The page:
Our readings today are about sudden drastic changes in peoples’ lives. Jonah’s mission to the Ninevites has hardly gotten under way, when the whole massive, sinful city suddenly repents and turns to God. Paul insists that Corinthians who have spouses should begin immediately to live as though they had none. Those who are weeping should promptly act as if they were not. Those who are rejoicing should behave as if they were not, and so on. In our Gospel, one minute Simon, Andrew, James and John are fishermen plying their trade. The next minute they have abandoned everything to become followers of Christ.
These instances of rapid, fundamental, change are especially interesting to us, because we are sometimes tempted to despair of the possibility of real change in our own lives. Particularly at this time of year, when New Year’s resolutions have begun to waver and fail, we begin to suspect that the sinful patterns of our lives are cut in stone. So let’s take a look at the drastic changes that occur in the lives of the people in our readings. I think we will find that something different is going on in each instance, and that each has implications for our own efforts to become the people Christ calls us to be.
Many of us know people who have changed their behavior overnight because a doctor said to them, “If you take another drink it will kill you,” or “One more pack of cigarettes and you’d better start putting your affairs in order.” This kind of ultimatum can concentrate the mind wonderfully. It’s the kind of stark choice that Jonah offers to the Ninevites: “Repent immediately or be utterly destroyed.”
There is no denying that there is an element of this in Christianity. After all, when it comes down to it, we are offered a choice of heaven, or hell. But in the life of faith, we can’t be terrified into changing in ways that are fundamental and enduring. Resolutions made simply to avoid eternal damnation don’t last. It’s just human nature. Real change does not result from avoiding something; it comes from embracing something. It results from saying “yes.” I set before you life and death. Choose life. Don’t just reject death. Choose life! It’s 8:30 at night and you are still at the office. You glance around the neon-lit room, and notice the other desks are empty. Everyone else has gone home. Your own desk is cluttered with a half-finished quarterly report, a cold, gelatinous, Chinese take-out in a leaky white carton, and a telephone with its “do not disturb” button blinking. You can’t decide which is worse: your headache or your heartburn. You could have finished the report hours ago — days ago. But this can’t be just another report. It has to be a masterpiece.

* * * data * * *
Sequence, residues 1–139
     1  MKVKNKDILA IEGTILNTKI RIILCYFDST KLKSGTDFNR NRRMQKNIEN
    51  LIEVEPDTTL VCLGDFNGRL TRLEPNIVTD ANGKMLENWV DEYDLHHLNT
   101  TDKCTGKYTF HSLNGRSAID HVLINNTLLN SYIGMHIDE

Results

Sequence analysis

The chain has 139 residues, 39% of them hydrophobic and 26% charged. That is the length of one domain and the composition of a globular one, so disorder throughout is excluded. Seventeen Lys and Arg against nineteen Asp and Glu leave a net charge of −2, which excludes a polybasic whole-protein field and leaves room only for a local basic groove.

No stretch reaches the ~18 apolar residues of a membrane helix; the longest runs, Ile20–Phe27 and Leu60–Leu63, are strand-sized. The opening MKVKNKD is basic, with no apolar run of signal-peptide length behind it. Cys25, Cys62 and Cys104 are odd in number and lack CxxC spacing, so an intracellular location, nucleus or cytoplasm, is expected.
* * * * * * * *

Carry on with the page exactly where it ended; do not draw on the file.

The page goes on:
The big promotion you’ve been working for is so close you can smell it. It’s the promotion that’s going to move you down the hall into the corner office with the Persian rugs and the private secretary. Heaven knows your job performance has been good enough. At this point it’s mostly a question of office politics. For the hundredth time you check-off in your mind all of your allies, and line them up against your rivals. You try, yet again, to interpret the cryptic remarks of board members.
One of the cleaners hands you a garbled note taken by the security guard downstairs on the switchboard: Your child has been in an accident and has been taken to the hospital. Right now, before you get to the hospital and find that it’s only a sprained ankle and a couple of stitches; right now, how important is your promotion to you? How do you feel about all the hours and all the anxiety you’ve been pouring into trying to impress the regional vice-president of domestic operations? In a moment all of that is forgotten, as you stand face to face with what really matters.
Something like this is behind St. Paul’s remarks today. Forget about your joys and your sorrows, about who you know and what you own. The world as we know it is passing away. The Lord is coming. How do you stand with him? After a life of scholarship that would enrich the Church ever after, St. Thomas Aquinas, in a moment of revelation, had his first real glimpse of God. In that moment, Thomas said of his life’s work, “It’s all straw.” Such an insight can change our lives in a moment, forever.
On a bright summer afternoon some children are arguing about whose turn it is to play with a new toy. The dispute grows loud, and a general melee is threatened. Suddenly, familiar music is heard above the tumult, and someone notices that the neighborhood ice-cream van has rounded the corner, and is coming down the street. Now the argument is forgotten, as the children charge off to their respective homes to beg some pocket change before the van gets away. The new toy lies unregarded in the dust.
Most adults wouldn’t run too far for an ice cream. Is there anything that would make us break off the usual patterns of our lives, and set off in a completely new direction? For the fishermen in our Gospel, a word from Jesus is enough to bring about this change. There he is, walking along the shore of the lake: the personification of all their hopes. He pauses, and speaks a word to them. If they don’t reply, he may keep on walking. So they act. Now. And so it is for us. We have heard his Word proclaimed. We meet him in our Eucharist. How will we respond?
Rev. Charles B. Gordon, C.S.C., is co-director of the Garaventa Center for Catholic Intellectual Life and American Culture at the University of Portland. He writes and records a regular blog called “Fractio Verbi.”